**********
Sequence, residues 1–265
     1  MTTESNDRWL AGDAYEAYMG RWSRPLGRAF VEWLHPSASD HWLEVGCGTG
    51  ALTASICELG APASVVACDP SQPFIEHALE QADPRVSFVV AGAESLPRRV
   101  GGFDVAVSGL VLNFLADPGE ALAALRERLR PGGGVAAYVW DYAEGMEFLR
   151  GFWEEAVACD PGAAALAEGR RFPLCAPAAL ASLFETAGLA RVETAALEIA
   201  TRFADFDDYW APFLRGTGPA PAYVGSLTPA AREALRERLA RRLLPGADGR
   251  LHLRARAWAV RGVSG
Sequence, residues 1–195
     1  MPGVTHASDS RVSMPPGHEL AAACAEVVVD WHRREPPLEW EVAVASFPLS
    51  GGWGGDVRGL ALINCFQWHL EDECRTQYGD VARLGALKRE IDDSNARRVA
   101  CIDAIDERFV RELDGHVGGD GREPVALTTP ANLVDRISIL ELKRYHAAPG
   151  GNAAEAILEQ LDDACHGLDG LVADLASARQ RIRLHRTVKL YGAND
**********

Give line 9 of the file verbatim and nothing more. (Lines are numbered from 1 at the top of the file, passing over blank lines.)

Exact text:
     1  MPGVTHASDS RVSMPPGHEL AAACAEVVVD WHRREPPLEW EVAVASFPLS